For every drug addict there are at least four people affected, a depressing assertion by some experts that is clearly borne out in this soft-spoken, utterly honest account by educator Cataldi. The mother of two sons, Jeff and Jeremy, Cataldi became head of the Calverton School in Maryland in 1987, where the boys attended; she recounts chronologically how her oldest, Jeff, a bright, capable student, embarked from adolescence onward into an ever deepening and perilous spiral of drug abuse. From getting caught smoking at school in fifth grade, attending drug-sodden raves in high school, being arrested for possession of cocaine and ketamine, and selling drugs on campus, Jeff was continually rescued by his take-charge but admittedly naïve mother, now divorced from their father. Entering Boston University seemed to give Jeff a fresh start, yet he was soon enmeshed in the party scene; in debilitating health, he dropped out and bounced around among halfway houses and rehab centers. Jeff had become a master manipulator to get his fix, even when later jailed for heroin possession, and Cataldi learned to stop enabling her "chameleon son" by joining Al-Anon. Taking an Italian expression to heart, stagli vicino, she learned to stay close and let Jeff find his way, and while her love proved steadfast, a safe outcome was never assured. (May)Copyright © Reed Business Information, a division of Reed Elsevier Inc. All rights reserved.
Stay Close: A Mother's Story of Her Son's Addictionby Libby Cataldi
During his early teens, Jeff Bratton started using drugs. At first, alcohol and pot, but quickly he spiraled into using cocaine, ketamine, crystal meth and eventually heroin.
How could this wonderful son, loving brother, and star athlete lose himself to drugs? How could his parents be so clueless? How could his mother, the long-term head of a private school,/p>
During his early teens, Jeff Bratton started using drugs. At first, alcohol and pot, but quickly he spiraled into using cocaine, ketamine, crystal meth and eventually heroin.
How could this wonderful son, loving brother, and star athlete lose himself to drugs? How could his parents be so clueless? How could his mother, the long-term head of a private school, be so blind?
"Stagli vicino", an Italian recovering addict told the author. "Stay close—never leave him, even when he is most unlovable." This is not a book about saving a child. It is a book about what it means to stay close to a loved one gripped by addiction. It is about one son who came home and one mother who never gave up hope.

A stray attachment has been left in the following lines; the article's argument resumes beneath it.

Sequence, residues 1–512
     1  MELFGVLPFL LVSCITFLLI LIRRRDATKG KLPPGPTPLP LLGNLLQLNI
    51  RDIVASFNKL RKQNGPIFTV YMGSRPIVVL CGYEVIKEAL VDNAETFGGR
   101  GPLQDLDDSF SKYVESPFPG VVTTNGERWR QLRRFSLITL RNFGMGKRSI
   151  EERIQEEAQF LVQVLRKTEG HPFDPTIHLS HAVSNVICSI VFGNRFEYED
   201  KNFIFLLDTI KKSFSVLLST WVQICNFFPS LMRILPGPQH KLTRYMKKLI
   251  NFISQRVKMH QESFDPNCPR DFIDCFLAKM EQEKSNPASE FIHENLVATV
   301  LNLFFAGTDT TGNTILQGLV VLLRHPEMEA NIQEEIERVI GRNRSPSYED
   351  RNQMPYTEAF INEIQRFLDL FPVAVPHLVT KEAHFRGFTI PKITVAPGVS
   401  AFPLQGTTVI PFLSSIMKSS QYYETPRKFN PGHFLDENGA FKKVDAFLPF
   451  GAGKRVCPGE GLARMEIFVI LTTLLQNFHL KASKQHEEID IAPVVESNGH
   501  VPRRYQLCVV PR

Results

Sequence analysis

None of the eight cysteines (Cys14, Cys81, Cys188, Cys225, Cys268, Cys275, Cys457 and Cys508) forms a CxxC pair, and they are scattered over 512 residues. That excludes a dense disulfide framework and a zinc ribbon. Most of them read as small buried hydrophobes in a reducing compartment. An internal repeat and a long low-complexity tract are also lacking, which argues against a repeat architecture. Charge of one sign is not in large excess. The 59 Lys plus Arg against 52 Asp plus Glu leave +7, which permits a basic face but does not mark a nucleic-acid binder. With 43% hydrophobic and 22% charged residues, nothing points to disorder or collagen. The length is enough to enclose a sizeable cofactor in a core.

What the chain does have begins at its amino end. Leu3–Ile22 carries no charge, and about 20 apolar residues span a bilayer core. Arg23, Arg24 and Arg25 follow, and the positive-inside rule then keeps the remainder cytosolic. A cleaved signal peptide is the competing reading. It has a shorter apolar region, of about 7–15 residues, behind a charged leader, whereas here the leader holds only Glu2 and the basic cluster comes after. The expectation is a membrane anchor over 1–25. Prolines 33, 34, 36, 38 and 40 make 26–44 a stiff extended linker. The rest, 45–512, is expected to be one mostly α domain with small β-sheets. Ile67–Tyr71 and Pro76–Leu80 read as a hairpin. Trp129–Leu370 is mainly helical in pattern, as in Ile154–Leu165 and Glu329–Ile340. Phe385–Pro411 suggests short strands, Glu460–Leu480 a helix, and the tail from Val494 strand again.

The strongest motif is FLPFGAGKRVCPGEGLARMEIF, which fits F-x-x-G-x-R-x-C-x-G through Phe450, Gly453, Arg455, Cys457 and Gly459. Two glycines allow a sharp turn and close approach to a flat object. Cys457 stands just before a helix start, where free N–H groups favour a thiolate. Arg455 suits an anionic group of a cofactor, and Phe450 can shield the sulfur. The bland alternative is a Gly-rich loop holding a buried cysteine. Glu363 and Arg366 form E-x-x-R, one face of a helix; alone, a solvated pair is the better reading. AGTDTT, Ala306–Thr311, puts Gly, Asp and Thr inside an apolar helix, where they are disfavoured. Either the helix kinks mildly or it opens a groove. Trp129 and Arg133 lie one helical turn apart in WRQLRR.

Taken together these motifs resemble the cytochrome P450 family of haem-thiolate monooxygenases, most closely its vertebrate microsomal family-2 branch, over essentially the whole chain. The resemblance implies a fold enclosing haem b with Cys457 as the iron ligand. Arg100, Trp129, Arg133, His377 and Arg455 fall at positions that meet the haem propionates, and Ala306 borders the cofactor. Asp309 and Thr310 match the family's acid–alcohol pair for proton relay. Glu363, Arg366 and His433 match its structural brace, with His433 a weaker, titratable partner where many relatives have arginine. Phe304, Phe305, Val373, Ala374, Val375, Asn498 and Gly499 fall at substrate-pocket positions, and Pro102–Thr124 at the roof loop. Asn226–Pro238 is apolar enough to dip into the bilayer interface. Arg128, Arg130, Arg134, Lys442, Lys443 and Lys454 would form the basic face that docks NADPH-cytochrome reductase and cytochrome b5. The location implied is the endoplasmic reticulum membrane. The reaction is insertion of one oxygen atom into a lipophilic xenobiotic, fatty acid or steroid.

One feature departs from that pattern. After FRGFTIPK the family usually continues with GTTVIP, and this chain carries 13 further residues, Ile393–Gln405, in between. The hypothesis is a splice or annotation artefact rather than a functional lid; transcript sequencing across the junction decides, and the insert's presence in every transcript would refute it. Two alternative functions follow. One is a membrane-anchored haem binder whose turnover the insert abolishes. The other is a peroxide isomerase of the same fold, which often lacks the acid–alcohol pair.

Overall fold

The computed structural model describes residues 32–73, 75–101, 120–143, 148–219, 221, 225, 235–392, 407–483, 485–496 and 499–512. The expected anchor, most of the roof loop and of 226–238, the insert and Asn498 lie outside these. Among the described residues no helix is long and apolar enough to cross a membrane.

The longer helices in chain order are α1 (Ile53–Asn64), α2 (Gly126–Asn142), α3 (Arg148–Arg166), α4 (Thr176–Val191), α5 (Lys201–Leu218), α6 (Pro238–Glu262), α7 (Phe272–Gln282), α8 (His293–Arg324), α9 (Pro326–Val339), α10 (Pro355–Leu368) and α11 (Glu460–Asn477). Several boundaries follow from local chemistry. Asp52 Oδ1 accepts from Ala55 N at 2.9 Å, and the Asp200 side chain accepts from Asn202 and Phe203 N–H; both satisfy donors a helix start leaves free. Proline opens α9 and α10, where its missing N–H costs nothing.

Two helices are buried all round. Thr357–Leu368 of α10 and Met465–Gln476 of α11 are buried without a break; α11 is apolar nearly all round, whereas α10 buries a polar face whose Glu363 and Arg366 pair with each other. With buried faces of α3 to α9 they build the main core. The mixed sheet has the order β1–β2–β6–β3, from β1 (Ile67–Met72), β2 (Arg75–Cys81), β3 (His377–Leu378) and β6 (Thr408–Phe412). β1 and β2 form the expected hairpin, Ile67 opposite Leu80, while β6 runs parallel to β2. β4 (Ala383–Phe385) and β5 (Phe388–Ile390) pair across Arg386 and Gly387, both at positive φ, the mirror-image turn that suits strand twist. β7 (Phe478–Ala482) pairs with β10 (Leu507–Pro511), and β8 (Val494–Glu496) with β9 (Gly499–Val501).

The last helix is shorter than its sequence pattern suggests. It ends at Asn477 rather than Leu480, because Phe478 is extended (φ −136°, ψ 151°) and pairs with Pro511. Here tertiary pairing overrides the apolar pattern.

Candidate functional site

Stay Close is one mother's tough, honest, and intimate tale that chronicles her son's severe drug addiction, as it corroded all relationships from the inside out. It is a story of deep trauma and deep despair, but also of deep hope—and healing.
Here is Libby Cataldi's story about dealing with addiction without withdrawing love, learning to trust again while remaining attuned to lies, and the cautious triumph of staying clean one day at a time.
He told her, "Mom, never quit believing." And she didn't.
“Searingly honest and moving...[Cataldi] has broken the taboos about being the parent of an addict.” New York Daily News
“Cataldi's writing lays her emotions bare...she doesn't pull any punches, never shying away from the hard questions or the tough times.” The Capital (Annapolis, Maryland)
“For every drug addict there are at least four people affected, a depressing assertion by some experts that is clearly borne out in this soft-spoken, utterly honest account.” Publishers Weekly
“A spell-binding and anguished story...of a mother's deep love.” www.ewtn.com (Eternal Word Television Network)
“Mental health professionals and parents of addicts could benefit enormously from reading this heartrending story of a mother's struggle with her son's drug addiction. When Cataldi's hitherto healthy, straight-A student teenage son consorts with bad company and begins using alcohol and marijuana, the author misses the telltale signs. Before too long, he adds cocaine, heroin, and meth. Too late, Cataldi struggles to understand what went wrong as she endeavors to rescue him. Her narration and her son's, interspersed at key points, poignantly depict the story of addiction and recovery. While addiction memoirs proliferate, few wield the power of this one.” Library Journal
“As Virgil toured Dante through hell, so Libby Cataldi can hold your hand through a parent's ultimate nightmare. A gripping story of a bad time for a good person, and how she conquered it.” Tom Clancy
“Addiction poisons the whole family. It's the secret we keep from one another and we keep from ourselves. It is only when, like Libby Cataldi, we are willing to share our stories and shine a light into those dark corners that we can begin to recover.” Martha Tod Dudman, author of Augusta, Gone